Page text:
Trump Administration’s Missile Strikes against Syria Break International Law

The United States is apparently so addicted to war in the Middle East that the rule of law and our own hypocrisy are feeble barriers to its continuance.
April 15, 2018 • Commentary
This article appeared on the New York Daily News on April 15, 2018.

The Trump administration’s missile strikes against Syria targeted three sites reportedly fundamental to the Assad regime’s chemical weapons infrastructure. The idea, we’re told, is to degrade the regime’s ability to use chemical weapons and deter Assad from using them on his own people in the future, and thereby enforce the international norm prohibiting chemical weapons warfare.

But the only norm we’re really enforcing is the one that says the United States is exempt from the laws and norms by which our adversaries must abide.

One of the core tenets of the post‐​World War II “liberal world order” that America supposedly leads is that the use of force against another country is prohibited unless it is taken in self‐​defense or it has the support of the United Nations Security Council. By bombing the Assad regime in the absence of these prerequisites, the Trump administration is acting unlawfully.

Not only do we consistently act above the laws and norms we bomb others for violating, we also apply these standards selectively. If international humanitarian law and the laws of war really concerned the White House, for example, it would immediately halt its support for Saudi Arabia’s war in Yemen, where they have killed more than 10,000 people and have been accused of committing war crimes by bombing schools, hospitals and other civilian infrastructure. The Saudis, with American complicity, have also imposed a severe blockade on Yemen, effectively blocking humanitarian aid for millions of Yemenis at risk of starvation and suffering from easily curable diseases.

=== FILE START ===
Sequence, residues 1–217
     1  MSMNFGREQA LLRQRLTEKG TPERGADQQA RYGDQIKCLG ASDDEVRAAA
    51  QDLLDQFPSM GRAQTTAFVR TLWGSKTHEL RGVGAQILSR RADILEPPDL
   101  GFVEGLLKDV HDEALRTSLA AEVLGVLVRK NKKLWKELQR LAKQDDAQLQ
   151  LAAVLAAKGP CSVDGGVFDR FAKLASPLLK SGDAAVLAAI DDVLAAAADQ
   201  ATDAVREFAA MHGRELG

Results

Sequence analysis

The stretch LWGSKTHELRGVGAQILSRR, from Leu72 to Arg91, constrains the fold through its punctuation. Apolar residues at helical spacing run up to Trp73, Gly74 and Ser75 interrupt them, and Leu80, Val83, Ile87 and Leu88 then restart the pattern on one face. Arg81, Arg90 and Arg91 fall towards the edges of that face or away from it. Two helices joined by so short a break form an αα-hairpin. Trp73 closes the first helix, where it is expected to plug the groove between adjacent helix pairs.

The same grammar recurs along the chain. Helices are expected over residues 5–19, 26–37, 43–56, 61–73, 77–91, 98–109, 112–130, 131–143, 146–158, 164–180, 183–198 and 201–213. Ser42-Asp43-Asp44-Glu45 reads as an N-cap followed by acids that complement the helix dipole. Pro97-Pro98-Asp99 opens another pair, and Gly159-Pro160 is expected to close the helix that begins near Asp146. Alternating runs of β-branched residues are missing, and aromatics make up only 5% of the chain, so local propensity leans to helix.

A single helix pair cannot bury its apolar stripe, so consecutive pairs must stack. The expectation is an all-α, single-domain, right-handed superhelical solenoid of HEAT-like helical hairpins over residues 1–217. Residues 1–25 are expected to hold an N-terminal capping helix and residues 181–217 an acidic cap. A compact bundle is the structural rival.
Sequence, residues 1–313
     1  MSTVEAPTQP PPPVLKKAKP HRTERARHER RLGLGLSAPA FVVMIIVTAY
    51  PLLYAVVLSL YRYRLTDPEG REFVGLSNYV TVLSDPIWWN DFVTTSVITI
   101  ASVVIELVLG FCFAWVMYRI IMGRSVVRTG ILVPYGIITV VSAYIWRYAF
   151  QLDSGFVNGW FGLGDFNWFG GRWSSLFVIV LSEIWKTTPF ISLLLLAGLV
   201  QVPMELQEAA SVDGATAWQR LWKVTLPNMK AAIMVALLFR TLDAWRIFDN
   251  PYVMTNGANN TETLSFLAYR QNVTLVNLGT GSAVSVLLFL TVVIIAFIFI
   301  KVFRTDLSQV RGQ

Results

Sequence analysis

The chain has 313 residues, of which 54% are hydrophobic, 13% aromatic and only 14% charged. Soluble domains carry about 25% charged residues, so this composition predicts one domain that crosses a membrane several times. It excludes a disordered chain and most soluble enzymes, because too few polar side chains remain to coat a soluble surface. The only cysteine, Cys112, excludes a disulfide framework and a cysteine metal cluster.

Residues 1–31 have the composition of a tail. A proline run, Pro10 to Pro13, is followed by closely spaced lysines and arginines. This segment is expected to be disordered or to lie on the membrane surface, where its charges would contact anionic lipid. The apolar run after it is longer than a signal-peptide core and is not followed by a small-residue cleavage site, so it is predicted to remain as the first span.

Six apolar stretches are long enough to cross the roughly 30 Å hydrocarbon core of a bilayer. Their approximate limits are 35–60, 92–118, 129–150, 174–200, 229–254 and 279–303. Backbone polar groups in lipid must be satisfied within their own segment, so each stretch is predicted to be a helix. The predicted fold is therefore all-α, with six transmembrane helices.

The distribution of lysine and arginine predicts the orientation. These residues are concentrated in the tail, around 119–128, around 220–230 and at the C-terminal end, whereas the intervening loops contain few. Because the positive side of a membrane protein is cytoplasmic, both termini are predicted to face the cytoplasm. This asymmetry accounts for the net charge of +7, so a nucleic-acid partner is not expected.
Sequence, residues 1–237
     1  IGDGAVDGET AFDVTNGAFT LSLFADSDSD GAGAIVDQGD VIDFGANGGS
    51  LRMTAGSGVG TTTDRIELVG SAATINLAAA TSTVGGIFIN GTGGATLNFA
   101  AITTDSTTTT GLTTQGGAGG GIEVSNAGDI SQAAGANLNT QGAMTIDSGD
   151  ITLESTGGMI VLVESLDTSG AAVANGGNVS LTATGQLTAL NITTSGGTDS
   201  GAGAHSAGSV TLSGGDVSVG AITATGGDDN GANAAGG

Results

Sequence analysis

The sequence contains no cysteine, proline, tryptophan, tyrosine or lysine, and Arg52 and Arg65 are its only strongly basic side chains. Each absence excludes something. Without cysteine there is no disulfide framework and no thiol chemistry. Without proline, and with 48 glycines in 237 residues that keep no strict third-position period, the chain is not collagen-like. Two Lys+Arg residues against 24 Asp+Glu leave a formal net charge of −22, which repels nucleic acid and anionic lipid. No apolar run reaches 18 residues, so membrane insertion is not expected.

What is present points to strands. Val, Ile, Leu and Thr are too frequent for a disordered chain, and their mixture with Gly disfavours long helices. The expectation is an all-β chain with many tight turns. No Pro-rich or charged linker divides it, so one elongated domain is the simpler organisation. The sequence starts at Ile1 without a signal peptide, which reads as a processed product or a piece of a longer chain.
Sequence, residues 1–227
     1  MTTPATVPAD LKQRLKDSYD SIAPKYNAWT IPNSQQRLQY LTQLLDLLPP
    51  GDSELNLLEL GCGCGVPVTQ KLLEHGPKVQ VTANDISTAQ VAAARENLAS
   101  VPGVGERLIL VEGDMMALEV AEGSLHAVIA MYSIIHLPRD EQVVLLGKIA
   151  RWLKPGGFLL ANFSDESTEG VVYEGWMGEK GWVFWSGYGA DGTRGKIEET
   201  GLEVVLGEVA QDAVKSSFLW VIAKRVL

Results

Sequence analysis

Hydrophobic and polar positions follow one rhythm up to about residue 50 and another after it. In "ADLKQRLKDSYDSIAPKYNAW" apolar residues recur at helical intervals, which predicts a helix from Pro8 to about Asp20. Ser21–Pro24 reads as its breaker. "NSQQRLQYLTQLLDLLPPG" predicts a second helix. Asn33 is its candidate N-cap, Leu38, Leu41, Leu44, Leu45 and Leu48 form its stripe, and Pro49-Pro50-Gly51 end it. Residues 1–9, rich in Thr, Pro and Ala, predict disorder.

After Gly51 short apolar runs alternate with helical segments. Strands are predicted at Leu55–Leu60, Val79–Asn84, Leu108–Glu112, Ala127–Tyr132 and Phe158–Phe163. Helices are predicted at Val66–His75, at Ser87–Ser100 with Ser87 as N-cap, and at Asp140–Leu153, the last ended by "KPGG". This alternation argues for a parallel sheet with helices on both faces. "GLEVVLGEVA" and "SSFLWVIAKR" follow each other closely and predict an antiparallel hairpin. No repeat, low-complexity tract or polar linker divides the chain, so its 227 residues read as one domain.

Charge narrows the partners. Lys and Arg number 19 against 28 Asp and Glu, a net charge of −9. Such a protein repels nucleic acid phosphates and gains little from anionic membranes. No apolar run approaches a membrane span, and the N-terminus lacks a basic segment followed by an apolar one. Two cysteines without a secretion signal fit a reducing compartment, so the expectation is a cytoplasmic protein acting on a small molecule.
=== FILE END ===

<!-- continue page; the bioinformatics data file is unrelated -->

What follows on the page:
The case for bombing Syria for the sake of humanitarian goals is weak for another reason: While chemical weapons occupy a special place in our minds as a particularly cruel form of warfare, they are actually far less lethal than the conventional military means by which most Syrians have been killed or maimed in this vicious civil war. The message we seem to be sending is that the Assad regime can’t use chemical weapons again, though it can go on killing people with bombs and bullets.

Americans should also be concerned about the rule of law in our own country. The President is not vested with the power to bomb any country in the world at his own whim. His war powers are constrained by the Constitution, which grants Congress the power to authorize military action abroad. As the Constitution’s lead framer, James Madison, once wrote, “In no part of the constitution is more wisdom to be found than in the clause which confides the question of war or peace to the legislature, and not to the executive department.”

The United States is apparently so addicted to war in the Middle East, which has persisted nonstop for more than 17 years, that the rule of law and our own hypocrisy are feeble barriers to its continuance.

The truth is that these strikes were designed to be extremely limited in scope, so as to avoid changing any strategic or tactical realities on the battlefield. The Trump administration knows the chaos that would erupt if the Assad regime were to collapse. Defense Secretary James Mattis called them a “show strike.” And it is for show. These strikes won’t tangibly improve the Syrian civil war and they won’t ease humanitarian suffering. What they have done is satisfy the irrational need to “do something.” Anything, apparently.

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